An example of how this would work is as follows: Citizens would elect community representatives, who would in turn elect members of the state legislature, who would in turn elect the governor. Members of the state legislature in each congressional district would also elect their member of the U.S. Congress, who would in turn elect the president. Community representatives would also elect members of the city council, who in turn would elect the mayor.

This would connect citizens to the government via a hierarchy of connected representatives. With each level being so close to adjacent levels, communication could flow up and down the hierarchy with ease. And since representatives at each level would be accountable to people who are close to them, honesty would be required.

This is similar to how corporations and all organizations are arranged. In effect, a system such as this would make democracy work like an organization. Just as CEOs of large corporations don't need to know all of their employees personally, or oversee what they do and how they do it, citizens would not need to know the details of what the government does in order to control it. And just as a CEO decides the strategy of a corporation and makes major corrections via a hierarchy of managers, citizens would be able to set the agenda of the government and make course corrections via a hierarchy of representatives.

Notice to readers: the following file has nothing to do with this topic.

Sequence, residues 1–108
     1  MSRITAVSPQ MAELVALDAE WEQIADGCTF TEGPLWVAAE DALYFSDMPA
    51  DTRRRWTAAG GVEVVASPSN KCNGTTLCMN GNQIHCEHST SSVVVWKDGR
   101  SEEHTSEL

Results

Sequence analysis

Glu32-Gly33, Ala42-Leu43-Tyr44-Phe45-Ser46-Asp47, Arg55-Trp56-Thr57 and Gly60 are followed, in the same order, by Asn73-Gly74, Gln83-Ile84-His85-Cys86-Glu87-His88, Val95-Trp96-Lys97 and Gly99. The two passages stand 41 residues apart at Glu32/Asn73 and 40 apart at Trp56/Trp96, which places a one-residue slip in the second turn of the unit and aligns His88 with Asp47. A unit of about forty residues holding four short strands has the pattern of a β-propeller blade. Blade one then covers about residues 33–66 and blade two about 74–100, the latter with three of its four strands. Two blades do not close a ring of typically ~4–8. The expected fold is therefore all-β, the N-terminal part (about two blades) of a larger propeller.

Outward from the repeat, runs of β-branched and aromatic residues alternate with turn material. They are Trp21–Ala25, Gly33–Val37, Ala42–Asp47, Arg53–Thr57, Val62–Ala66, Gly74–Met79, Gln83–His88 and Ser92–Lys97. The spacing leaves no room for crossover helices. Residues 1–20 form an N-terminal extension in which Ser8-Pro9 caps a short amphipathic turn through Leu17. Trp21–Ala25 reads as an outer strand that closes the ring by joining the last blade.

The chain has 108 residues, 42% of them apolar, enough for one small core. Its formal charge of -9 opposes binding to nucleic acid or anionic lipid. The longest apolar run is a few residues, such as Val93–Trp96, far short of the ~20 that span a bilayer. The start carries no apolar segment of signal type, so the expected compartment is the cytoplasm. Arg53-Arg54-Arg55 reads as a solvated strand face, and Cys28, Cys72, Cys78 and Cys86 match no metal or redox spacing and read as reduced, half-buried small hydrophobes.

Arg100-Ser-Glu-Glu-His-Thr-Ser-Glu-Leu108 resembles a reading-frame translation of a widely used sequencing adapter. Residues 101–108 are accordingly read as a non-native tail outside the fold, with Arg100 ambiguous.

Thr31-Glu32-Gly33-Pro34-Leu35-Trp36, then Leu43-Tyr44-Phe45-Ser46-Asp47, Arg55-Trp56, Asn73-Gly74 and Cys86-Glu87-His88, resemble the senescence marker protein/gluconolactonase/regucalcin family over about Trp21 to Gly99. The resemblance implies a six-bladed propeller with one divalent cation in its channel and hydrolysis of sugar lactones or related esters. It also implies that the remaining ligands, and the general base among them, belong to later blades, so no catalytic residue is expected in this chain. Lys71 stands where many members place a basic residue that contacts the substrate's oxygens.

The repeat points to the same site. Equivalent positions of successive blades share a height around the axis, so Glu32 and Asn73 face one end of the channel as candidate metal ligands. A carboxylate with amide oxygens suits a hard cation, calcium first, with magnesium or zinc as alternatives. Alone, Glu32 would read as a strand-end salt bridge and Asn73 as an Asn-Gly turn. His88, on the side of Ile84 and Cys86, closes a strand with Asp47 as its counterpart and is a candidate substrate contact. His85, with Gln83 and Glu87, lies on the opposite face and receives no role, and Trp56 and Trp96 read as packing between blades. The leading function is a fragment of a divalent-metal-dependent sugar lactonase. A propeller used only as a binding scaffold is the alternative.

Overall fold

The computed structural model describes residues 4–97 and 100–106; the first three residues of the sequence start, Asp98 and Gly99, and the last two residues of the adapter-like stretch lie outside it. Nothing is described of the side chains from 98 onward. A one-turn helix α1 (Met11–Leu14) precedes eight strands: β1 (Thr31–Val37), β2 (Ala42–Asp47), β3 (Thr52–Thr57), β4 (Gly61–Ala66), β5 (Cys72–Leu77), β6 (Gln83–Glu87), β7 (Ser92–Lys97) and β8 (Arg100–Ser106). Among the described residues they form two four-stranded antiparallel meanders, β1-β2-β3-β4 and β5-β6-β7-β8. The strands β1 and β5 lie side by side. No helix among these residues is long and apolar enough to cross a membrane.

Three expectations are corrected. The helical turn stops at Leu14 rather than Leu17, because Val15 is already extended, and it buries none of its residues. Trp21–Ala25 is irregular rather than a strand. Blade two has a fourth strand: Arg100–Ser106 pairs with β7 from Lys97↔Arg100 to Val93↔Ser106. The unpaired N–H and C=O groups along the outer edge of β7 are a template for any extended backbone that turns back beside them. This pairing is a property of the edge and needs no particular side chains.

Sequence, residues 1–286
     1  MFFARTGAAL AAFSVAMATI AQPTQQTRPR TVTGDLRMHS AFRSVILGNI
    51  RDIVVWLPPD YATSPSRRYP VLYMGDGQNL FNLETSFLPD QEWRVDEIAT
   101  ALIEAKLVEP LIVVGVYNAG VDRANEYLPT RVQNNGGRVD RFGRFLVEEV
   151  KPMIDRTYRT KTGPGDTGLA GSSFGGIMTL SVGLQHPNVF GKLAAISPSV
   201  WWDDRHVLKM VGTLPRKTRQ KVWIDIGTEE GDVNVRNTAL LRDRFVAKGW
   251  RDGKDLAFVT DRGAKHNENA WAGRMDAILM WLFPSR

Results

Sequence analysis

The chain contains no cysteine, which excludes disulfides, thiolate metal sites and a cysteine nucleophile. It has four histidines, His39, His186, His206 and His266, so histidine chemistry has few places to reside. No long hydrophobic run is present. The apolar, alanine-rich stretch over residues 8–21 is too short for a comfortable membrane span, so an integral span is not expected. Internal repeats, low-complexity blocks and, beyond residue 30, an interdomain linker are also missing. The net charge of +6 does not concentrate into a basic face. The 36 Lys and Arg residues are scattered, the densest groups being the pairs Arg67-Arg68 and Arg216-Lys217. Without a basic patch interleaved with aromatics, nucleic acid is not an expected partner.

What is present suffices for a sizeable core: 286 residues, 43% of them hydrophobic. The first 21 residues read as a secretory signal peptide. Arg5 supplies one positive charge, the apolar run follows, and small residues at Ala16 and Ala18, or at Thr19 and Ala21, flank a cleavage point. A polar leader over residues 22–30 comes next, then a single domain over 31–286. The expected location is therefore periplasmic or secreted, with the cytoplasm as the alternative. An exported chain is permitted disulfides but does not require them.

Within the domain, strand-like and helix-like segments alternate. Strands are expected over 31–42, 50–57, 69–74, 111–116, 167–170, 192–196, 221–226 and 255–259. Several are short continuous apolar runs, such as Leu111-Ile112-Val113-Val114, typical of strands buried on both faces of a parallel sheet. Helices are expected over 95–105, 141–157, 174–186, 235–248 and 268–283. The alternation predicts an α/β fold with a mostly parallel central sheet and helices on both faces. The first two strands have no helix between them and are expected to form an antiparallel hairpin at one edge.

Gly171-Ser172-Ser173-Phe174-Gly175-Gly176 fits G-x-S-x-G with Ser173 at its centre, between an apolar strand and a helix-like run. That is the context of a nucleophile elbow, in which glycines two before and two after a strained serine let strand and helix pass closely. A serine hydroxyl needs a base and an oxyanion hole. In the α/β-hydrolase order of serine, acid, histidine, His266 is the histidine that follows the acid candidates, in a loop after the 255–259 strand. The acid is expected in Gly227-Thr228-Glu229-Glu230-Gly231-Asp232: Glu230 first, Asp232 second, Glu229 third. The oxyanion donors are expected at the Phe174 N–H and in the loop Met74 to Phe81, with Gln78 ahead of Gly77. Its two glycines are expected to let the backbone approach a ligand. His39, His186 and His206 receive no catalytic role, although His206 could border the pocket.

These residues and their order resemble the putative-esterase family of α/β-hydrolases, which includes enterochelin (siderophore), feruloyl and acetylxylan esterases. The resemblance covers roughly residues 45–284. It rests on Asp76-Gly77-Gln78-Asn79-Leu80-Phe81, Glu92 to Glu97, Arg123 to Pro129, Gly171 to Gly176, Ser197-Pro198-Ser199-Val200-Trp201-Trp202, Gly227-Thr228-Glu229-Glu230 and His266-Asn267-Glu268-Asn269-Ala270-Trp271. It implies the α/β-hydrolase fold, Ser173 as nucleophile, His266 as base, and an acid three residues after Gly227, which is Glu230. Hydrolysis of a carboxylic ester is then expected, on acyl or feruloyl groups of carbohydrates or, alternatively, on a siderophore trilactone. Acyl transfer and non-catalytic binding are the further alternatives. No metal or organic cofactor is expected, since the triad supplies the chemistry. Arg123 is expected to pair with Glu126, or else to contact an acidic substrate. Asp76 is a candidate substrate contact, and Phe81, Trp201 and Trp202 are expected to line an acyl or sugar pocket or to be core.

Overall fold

Such a scenario would eliminate the expectation that citizens need to be informed about many candidates, many elected officials, and a vast government. Instead, people would have a single point-of-contact in the government to whom they could go for all of their political needs.

We have thought through such a system of democracy and call it Local Electors, which is also the name we have given to the community representatives. You can learn more about it at

The conventional wisdom is that voting for distant politicians makes us free, but the opposite is true. We are only free to the extent that we know what our government representatives are doing, and that we can make informed decisions when electing them. If we want to be free, we must break out of our existing democratic paradigm, which prevents the people from knowing the truth and causes us to be mere pawns of influence.